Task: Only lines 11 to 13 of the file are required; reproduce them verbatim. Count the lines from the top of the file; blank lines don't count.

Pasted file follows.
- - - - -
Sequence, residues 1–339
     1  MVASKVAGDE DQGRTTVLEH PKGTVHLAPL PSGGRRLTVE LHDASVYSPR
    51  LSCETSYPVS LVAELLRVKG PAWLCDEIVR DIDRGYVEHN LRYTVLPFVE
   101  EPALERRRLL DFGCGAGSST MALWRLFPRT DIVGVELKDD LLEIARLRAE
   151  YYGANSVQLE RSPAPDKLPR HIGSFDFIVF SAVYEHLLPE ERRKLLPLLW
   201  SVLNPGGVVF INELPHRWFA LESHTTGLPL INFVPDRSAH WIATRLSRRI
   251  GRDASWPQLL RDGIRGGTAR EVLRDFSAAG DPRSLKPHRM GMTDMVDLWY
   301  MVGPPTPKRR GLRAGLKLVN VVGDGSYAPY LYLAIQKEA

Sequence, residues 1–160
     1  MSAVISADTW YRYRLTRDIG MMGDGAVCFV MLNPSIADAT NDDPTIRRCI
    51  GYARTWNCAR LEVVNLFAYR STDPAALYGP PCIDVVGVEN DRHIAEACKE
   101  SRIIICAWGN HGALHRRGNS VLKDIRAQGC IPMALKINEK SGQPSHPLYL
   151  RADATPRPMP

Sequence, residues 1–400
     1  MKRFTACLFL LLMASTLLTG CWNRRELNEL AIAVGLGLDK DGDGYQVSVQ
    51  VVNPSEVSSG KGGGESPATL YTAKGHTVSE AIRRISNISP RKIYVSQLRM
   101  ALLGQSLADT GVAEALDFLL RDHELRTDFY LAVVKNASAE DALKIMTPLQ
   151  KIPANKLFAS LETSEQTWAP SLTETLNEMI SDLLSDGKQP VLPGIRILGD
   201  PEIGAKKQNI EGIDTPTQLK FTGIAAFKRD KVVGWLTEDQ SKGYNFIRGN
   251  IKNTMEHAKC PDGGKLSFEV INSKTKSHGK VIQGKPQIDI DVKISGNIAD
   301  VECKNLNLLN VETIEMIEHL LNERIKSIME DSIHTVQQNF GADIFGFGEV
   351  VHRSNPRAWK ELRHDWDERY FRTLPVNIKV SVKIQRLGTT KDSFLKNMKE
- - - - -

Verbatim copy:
    51  GYARTWNCAR LEVVNLFAYR STDPAALYGP PCIDVVGVEN DRHIAEACKE
   101  SRIIICAWGN HGALHRRGNS VLKDIRAQGC IPMALKINEK SGQPSHPLYL
   151  RADATPRPMP